1/ A lot of quant traders (including myself at many times) have a knee jerk instinct to believe that if a strategy is technically challenging it must mean there’s more alpha underneath.
2/ Anyone with experience will tell you this just isn’t true. Even knowing this, it’s still hard to think outside the implicit bias of hard equals lucrative.
3/ I’ve seen insanely complex strategies requiring teams of PhDs, where the alpha was competed down to next to nothing. These teams persisted picking up scraps well past the point it made any economic sense.
4/ On the flipside, I’ve seen trades print money for years, which a smart undergrad could hack together in a couple weeks. (If they were looking in the right place.)
5/ Markets overall tend to be pretty efficient. But the quant meta game is shockingly inefficient. Quant strats are almost exclusively traded by large, heavily resourced organizations. That creates a lot of frictions and lack of agility at the meta game level.
6/ Desks rarely can step outside their pre-determined mandates. “Weird” strategies that don’t fit in a pre-existing portfolio construction framework are avoided like the plague. There’s a lot of institutional inertia to just stick with whatever worked in the past.
7/ But more than anything quants have a scientific-academic mindset. If a problem is proving difficult to crack, the natural impulse is to redouble your efforts. Not cut corners and seek an easier alternative.
8/ For a scientist, working on hard problems is a badge of honor. In business (including trading) ignoring low hanging fruit is a boneheaded move.
9/ Where in the space are the biggest morons still making a ton of money? Wouldn’t it be easier to go beat them at their own game?
10/ Is grinding out another 100 nanoseconds in the FPGA hot path or another 0.1 basis points of RMSE in your ML model really worth the effort? Right now, there are quants making ten times more money in a far less competitive space who think FPGA is a club in midtown.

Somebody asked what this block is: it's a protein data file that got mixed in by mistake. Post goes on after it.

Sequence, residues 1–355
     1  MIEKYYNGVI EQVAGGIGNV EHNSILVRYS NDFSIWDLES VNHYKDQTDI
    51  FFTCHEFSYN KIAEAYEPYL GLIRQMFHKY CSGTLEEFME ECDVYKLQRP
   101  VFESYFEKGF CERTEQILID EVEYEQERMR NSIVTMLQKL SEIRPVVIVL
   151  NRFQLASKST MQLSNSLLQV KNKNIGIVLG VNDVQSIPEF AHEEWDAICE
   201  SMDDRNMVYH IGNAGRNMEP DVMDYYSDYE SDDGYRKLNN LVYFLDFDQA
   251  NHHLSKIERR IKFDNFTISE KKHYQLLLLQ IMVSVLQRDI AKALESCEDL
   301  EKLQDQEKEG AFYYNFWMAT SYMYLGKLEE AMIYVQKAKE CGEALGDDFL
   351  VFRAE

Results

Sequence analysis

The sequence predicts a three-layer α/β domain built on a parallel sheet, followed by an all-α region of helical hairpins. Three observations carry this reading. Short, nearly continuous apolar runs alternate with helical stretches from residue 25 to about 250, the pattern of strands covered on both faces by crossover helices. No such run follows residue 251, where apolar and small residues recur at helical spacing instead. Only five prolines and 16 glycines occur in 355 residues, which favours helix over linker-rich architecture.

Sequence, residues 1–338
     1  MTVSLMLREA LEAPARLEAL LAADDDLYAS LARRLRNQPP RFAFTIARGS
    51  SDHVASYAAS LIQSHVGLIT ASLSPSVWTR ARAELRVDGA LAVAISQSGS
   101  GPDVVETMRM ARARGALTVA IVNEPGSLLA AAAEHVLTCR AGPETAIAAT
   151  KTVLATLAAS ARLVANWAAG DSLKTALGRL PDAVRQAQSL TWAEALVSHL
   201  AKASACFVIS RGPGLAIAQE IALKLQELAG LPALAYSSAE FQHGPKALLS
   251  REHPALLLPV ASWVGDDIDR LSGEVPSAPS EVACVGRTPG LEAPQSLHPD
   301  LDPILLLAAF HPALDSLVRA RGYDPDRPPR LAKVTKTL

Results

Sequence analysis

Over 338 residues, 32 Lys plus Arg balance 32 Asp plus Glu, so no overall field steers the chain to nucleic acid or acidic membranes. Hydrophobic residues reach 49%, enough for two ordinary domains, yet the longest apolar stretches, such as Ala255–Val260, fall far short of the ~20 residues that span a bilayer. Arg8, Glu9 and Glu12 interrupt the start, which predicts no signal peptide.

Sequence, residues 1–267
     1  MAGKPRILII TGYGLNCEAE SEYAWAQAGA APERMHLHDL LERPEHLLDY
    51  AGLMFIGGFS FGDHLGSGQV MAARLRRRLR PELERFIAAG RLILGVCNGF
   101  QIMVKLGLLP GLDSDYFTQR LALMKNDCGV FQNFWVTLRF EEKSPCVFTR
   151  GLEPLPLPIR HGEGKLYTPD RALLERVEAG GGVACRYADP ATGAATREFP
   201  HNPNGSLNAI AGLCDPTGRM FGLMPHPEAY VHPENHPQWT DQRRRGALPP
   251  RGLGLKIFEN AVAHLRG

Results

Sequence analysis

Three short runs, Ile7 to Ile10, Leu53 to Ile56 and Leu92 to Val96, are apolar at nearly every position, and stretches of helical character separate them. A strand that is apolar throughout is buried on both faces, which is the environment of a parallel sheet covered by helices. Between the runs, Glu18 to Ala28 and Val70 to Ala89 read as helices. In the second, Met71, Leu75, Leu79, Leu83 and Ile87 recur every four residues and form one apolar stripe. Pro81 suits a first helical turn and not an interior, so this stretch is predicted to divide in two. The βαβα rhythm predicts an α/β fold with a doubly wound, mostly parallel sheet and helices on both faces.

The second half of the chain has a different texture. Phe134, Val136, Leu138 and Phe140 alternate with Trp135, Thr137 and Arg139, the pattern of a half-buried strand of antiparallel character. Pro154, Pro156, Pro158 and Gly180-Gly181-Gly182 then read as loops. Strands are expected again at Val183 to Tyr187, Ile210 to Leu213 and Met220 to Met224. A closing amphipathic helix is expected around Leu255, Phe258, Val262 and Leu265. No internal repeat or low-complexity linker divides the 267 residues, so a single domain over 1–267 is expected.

11/ Almost every quant I’ve ever met (including myself) would do better to frequently ask themselves: “Is there an easier alternative to making more money?” Sometimes that requires stepping far outside your comfort zone.
12/ Almost every quant org would do better to stop worrying so much about their inter-desk correlation matrices, and empower their strategists with much broader leeway to find alpha wherever they can.

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More from @0xdoug

14 Sep
1/ Over the past year DeFi has been heavily colonized by HFT emigres. A lot of us come in with an arrogant attitude that we’re much smarter than the DeFi native folks. We naturally assume that however we did things in CeFi must be better. (🙋‍♂️I’ve certainly been guilty of this)
2/ Unfortunately I think Serum has been a victim of this attitude. AMMs have served DeFi very well. But the HFT folks behind Solana and Serum naturally assumed that limit order books must be superior because that’s how CeFi does it.
3/ CLOBs have a lot of major advantages in terms of price discovery and capital efficiency. But they’re much less resilient than AMMs. Today’s outage shows a major downside with CLOBs.
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